Colorful houses occupy the low rolling moorland bordering Stanley Harbor. Stanley's climate resembles London's - cool and rainy though summer visitors are often blessed with clear, sunny skies.

Nestled between the continent's two giants, Brazil and Argentina, Uruguay is the second smallest country in South America. More than half of the nation's population of three million reside in the capital of Montevideo, located at Uruguay's southernmost point on the Rio de la Plata. Although small in size, Uruguay has proven to be big-hearted - the country is one of the most literate nations in the world while Montevideo is one of South America's most interesting and cosmopolitan capitals.

Montevideo is a charming city made up of 19th-century Beaux Arts buildings, parks, and historical monuments.

Buenos Aires
Founded in the early 16th century, Buenos Aires was transformed from a colonial port into a cosmopolitan metropolis - the "Paris of the South" - by the cattle boom of the 1880s. As in the American West, boom was followed by bust. But that did not stop Buenos Aires from becoming the city it is today. With its air of haunted grandeur, Buenos Aires is a place of icy intellect and smoldering passion. It is a city where the elegant Colon Theater, one of the world's great opera houses, stands in counterpoint to the working class barrios that gave birth to the tango. Perhaps the city's enigmas and contradictions are best embodied by its two most famous citizens - the reclusive librarian and literary genius Jorge Luis Borges and the showgirl turned First Lady, Evita Peron.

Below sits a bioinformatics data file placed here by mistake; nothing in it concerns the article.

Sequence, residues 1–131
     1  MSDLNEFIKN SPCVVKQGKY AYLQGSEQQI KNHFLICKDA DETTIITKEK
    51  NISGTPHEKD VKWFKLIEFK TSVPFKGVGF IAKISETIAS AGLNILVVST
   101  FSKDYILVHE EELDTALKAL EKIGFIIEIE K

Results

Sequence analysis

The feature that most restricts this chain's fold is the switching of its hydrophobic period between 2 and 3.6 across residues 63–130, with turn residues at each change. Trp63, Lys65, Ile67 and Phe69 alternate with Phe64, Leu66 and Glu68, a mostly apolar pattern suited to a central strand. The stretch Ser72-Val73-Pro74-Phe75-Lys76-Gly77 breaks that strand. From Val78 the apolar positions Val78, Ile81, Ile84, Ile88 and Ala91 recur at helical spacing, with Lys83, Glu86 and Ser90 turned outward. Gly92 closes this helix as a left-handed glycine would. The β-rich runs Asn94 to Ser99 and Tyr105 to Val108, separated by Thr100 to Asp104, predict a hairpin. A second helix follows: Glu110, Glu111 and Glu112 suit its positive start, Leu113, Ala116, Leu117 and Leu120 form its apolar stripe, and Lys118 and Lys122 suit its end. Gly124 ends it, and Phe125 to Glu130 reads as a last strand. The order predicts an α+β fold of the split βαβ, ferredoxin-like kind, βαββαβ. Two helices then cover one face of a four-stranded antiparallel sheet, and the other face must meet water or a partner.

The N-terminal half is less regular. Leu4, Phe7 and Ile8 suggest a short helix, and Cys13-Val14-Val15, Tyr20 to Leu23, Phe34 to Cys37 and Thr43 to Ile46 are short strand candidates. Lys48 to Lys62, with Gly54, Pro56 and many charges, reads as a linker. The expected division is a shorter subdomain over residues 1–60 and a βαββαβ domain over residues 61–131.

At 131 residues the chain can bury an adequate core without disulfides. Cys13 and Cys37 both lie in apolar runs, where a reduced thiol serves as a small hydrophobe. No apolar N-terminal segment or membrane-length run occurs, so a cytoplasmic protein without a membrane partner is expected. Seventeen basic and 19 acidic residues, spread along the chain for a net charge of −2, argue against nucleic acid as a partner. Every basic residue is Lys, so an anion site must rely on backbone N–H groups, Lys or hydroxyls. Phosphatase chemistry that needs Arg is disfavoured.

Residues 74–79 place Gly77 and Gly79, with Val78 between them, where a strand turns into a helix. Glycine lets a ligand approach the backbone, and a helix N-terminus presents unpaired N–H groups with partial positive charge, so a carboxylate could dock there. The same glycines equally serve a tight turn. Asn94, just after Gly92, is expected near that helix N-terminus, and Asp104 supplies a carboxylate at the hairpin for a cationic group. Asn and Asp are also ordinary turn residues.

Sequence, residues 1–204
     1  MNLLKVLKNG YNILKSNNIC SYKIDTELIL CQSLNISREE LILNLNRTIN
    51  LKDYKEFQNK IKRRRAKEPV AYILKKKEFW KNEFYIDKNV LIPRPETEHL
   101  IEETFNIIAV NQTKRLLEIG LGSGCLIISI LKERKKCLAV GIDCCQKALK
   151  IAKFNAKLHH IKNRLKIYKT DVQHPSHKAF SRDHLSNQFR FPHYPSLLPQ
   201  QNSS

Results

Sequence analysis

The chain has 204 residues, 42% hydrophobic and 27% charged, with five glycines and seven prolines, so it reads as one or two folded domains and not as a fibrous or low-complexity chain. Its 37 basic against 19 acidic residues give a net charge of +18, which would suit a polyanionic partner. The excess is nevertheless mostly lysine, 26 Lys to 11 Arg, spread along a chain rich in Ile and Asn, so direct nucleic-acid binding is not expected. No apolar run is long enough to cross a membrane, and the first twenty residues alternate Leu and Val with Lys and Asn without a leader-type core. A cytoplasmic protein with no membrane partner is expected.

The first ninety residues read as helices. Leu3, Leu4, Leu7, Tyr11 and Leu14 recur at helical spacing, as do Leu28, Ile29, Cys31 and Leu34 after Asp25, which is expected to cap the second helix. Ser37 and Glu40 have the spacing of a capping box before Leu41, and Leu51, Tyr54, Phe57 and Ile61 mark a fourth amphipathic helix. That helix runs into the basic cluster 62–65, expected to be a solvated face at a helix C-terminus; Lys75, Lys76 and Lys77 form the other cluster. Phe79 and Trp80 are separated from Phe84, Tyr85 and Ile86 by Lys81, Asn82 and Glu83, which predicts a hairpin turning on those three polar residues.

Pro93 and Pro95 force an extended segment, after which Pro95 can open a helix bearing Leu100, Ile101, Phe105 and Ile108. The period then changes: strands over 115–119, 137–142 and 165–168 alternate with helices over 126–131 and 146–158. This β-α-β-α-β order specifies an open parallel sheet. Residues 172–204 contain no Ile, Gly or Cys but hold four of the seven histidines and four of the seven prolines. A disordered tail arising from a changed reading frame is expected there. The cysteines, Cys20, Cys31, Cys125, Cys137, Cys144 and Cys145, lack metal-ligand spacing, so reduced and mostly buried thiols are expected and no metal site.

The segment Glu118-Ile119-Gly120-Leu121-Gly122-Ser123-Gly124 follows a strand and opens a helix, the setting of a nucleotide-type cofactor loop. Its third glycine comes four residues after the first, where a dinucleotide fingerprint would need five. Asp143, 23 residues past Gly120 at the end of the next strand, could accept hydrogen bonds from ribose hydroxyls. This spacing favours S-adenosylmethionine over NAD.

The "Paris of the South" flaunts its European heritage. One of the pleasures of Buenos Aires is simply absorbing its charm and flavor, from Parisian-style confiterias - cafés - to the city's popular tango clubs.

Pricing (per person)

  • All (25)
Quad Triple Twin Single

IF - Interior

Request AU$ 4,577 AU$ 5,099 AU$ 9,147

IE - Interior

Request AU$ 4,603 AU$ 5,137 AU$ 9,223

ID - Interior

AU$ 4,354 AU$ 4,628 AU$ 5,175 AU$ 9,299

IB - Interior

AU$ 4,393 AU$ 4,679 AU$ 5,252 AU$ 9,453

IA - Interior

AU$ 4,412 AU$ 4,705 AU$ 5,290 AU$ 9,529

OZ - Oceanview (Obstructed View)

AU$ 4,437 AU$ 4,739 AU$ 5,341 AU$ 9,631

OW - Oceanview (Obstructed View)

AU$ 4,488 AU$ 4,807 AU$ 5,443 AU$ 9,835

OE - Oceanview

Request AU$ 4,911 AU$ 5,599 AU$ 10,147

OC - Oceanview

AU$ 4,678 AU$ 5,060 AU$ 5,823 AU$ 10,595

OB - Oceanview

AU$ 4,734 AU$ 5,135 AU$ 5,935 AU$ 10,819

O6 - Outside

Request Request AU$ 6,047 AU$ 11,043

O5 - Outside

Request Request AU$ 6,159 AU$ 11,267

BF - Oceanview with Balcony

AU$ 5,136 AU$ 5,624 AU$ 6,599 AU$ 12,147

BE - Oceanview with Balcony

AU$ 5,202 AU$ 5,712 AU$ 6,731 AU$ 12,411

BD - Oceanview with Balcony

Request Request AU$ 6,863 AU$ 12,675

BC - Balcony

Request AU$ 5,888 AU$ 6,995 AU$ 12,939

MY - Mini Suite without Balcony

Request AU$ 5,904 AU$ 7,019 AU$ 12,987

BB - Balcony

AU$ 5,400 AU$ 5,976 AU$ 7,127 AU$ 13,203

BA - Oceanview with Balcony

Request Request AU$ 7,259 AU$ 13,467

B2 - Balcony

AU$ 5,598 AU$ 6,240 AU$ 7,523 AU$ 13,995

B1 - Balcony

Request Request AU$ 7,655 AU$ 14,259

ME - Mini Suite with Balcony

Request AU$ 6,424 AU$ 7,799 AU$ 14,547

MD - Mini Suite with Balcony

AU$ 5,814 AU$ 6,528 AU$ 7,955 AU$ 14,859

MB - Mini Suite with Balcony

Request AU$ 6,736 AU$ 8,267 AU$ 15,483

M1 - Suite

Request AU$ 7,464 AU$ 9,359 AU$ 17,667

Please note, while prices and inclusions are accurate at time of loading they are subject to change due to changes in cruise line policies and pricing and due to currency fluctuations. Currency surcharges may apply. Please check details of price and inclusions at time of booking.

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World Wide Cruise Centre
World Wide Cruise Centre